The North American continent spans nearly 60° of latitude and, not surprisingly, exhibits a wide range of climatic conditions. Unlike Europe, the West Coast is backed by the Pacific Coast Ranges rising to over 2750 m, which lie across the path of the mid-latitude westerlies and prevent the extension of maritime influences inland. In the interior of the continent, there are no significant obstructions to air movement and the absence of any east-west barrier allows airmasses from the Arctic or the Gulf of Mexico to sweep across the interior lowlands, causing wide extremes of weather and climate. Maritime influences in eastern North America are greatly limited by the fact that the prevailing winds are westerly, so that the temperature regime is continental. Nevertheless, the Gulf of Mexico is a major source of moisture supply for precipitation over the eastern half of the United States and, as a result, the precipitation regimes differ from those in East Asia.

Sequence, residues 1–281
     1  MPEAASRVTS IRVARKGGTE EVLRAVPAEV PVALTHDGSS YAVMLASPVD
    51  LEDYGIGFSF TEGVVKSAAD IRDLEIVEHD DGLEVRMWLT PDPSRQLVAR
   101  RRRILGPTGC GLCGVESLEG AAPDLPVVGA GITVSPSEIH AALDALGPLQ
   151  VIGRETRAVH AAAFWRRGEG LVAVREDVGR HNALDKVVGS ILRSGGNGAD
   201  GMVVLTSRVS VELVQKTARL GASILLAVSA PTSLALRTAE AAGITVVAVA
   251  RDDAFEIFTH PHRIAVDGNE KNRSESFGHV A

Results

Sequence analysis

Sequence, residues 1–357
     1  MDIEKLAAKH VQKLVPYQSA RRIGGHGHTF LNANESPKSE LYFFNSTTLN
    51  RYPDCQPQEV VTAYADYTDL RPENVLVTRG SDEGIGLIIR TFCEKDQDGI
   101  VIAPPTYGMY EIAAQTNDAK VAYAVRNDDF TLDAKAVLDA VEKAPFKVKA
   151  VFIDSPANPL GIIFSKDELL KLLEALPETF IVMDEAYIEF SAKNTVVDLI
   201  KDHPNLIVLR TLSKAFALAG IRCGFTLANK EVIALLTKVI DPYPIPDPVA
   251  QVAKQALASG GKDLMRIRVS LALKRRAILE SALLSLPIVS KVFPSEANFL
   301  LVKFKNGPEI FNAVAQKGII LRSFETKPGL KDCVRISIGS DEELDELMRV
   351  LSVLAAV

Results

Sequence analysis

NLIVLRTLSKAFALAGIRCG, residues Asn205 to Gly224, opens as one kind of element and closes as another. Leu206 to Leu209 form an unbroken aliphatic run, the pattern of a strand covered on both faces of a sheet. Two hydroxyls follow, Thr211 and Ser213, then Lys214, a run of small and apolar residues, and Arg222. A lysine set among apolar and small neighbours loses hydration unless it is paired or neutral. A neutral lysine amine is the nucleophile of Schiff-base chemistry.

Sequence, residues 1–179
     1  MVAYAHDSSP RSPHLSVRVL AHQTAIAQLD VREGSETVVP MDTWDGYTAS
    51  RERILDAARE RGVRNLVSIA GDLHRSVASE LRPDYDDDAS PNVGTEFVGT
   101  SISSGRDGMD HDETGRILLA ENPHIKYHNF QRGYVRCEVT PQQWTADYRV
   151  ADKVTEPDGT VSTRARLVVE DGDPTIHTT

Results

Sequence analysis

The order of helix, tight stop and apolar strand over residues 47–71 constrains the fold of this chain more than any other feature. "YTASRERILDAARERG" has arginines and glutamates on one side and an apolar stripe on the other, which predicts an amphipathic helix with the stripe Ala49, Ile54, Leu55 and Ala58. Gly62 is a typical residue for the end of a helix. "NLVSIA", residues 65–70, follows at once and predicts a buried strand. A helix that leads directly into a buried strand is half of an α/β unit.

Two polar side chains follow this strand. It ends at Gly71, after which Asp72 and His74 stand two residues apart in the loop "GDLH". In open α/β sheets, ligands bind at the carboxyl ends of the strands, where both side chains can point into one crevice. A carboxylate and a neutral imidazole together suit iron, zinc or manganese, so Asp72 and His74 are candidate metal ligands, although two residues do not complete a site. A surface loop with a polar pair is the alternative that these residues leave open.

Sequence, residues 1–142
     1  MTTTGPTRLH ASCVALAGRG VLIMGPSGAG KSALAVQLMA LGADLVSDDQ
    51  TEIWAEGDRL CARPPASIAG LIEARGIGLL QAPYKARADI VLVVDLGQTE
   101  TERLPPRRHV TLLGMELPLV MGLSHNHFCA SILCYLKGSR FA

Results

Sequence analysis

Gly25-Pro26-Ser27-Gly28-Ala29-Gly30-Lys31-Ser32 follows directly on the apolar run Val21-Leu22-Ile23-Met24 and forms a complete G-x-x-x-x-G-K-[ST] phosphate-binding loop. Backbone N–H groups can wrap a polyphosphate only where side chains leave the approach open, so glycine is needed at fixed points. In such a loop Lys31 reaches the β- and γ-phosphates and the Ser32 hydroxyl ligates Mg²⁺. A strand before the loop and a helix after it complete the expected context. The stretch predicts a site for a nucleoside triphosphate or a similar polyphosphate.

We look first at the characteristics of the atmospheric circulation over the continent.
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